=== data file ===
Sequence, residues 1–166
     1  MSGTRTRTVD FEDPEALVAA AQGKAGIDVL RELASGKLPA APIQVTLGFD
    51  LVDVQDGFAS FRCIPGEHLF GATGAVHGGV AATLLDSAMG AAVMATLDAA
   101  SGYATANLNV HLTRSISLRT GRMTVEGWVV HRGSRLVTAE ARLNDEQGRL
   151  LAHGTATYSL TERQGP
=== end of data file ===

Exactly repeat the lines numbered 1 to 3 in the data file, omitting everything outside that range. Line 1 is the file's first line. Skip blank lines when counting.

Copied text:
Sequence, residues 1–166
     1  MSGTRTRTVD FEDPEALVAA AQGKAGIDVL RELASGKLPA APIQVTLGFD
    51  LVDVQDGFAS FRCIPGEHLF GATGAVHGGV AATLLDSAMG AAVMATLDAA